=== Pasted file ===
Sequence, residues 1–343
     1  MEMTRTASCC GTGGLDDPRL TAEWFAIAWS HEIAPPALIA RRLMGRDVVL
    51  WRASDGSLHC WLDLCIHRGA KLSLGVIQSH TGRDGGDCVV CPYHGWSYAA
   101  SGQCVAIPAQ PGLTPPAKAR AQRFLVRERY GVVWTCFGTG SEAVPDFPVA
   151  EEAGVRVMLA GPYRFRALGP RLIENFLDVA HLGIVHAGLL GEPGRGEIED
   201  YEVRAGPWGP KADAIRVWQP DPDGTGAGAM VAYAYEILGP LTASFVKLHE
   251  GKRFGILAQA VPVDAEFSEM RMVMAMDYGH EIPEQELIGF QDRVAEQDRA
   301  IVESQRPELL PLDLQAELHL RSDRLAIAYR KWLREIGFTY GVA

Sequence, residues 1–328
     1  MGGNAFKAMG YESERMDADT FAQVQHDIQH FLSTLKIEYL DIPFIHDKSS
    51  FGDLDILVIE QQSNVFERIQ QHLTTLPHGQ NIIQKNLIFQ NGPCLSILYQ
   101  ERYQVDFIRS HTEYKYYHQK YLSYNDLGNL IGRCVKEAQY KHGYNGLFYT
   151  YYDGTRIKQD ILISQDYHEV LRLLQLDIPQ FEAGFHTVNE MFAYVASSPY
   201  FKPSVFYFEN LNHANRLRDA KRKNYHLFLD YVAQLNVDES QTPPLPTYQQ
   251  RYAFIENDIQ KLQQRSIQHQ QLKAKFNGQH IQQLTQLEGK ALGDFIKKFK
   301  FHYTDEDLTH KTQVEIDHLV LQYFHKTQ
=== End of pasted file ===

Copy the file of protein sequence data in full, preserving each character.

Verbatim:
Sequence, residues 1–343
     1  MEMTRTASCC GTGGLDDPRL TAEWFAIAWS HEIAPPALIA RRLMGRDVVL
    51  WRASDGSLHC WLDLCIHRGA KLSLGVIQSH TGRDGGDCVV CPYHGWSYAA
   101  SGQCVAIPAQ PGLTPPAKAR AQRFLVRERY GVVWTCFGTG SEAVPDFPVA
   151  EEAGVRVMLA GPYRFRALGP RLIENFLDVA HLGIVHAGLL GEPGRGEIED
   201  YEVRAGPWGP KADAIRVWQP DPDGTGAGAM VAYAYEILGP LTASFVKLHE
   251  GKRFGILAQA VPVDAEFSEM RMVMAMDYGH EIPEQELIGF QDRVAEQDRA
   301  IVESQRPELL PLDLQAELHL RSDRLAIAYR KWLREIGFTY GVA

Sequence, residues 1–328
     1  MGGNAFKAMG YESERMDADT FAQVQHDIQH FLSTLKIEYL DIPFIHDKSS
    51  FGDLDILVIE QQSNVFERIQ QHLTTLPHGQ NIIQKNLIFQ NGPCLSILYQ
   101  ERYQVDFIRS HTEYKYYHQK YLSYNDLGNL IGRCVKEAQY KHGYNGLFYT
   151  YYDGTRIKQD ILISQDYHEV LRLLQLDIPQ FEAGFHTVNE MFAYVASSPY
   201  FKPSVFYFEN LNHANRLRDA KRKNYHLFLD YVAQLNVDES QTPPLPTYQQ
   251  RYAFIENDIQ KLQQRSIQHQ QLKAKFNGQH IQQLTQLEGK ALGDFIKKFK
   301  FHYTDEDLTH KTQVEIDHLV LQYFHKTQ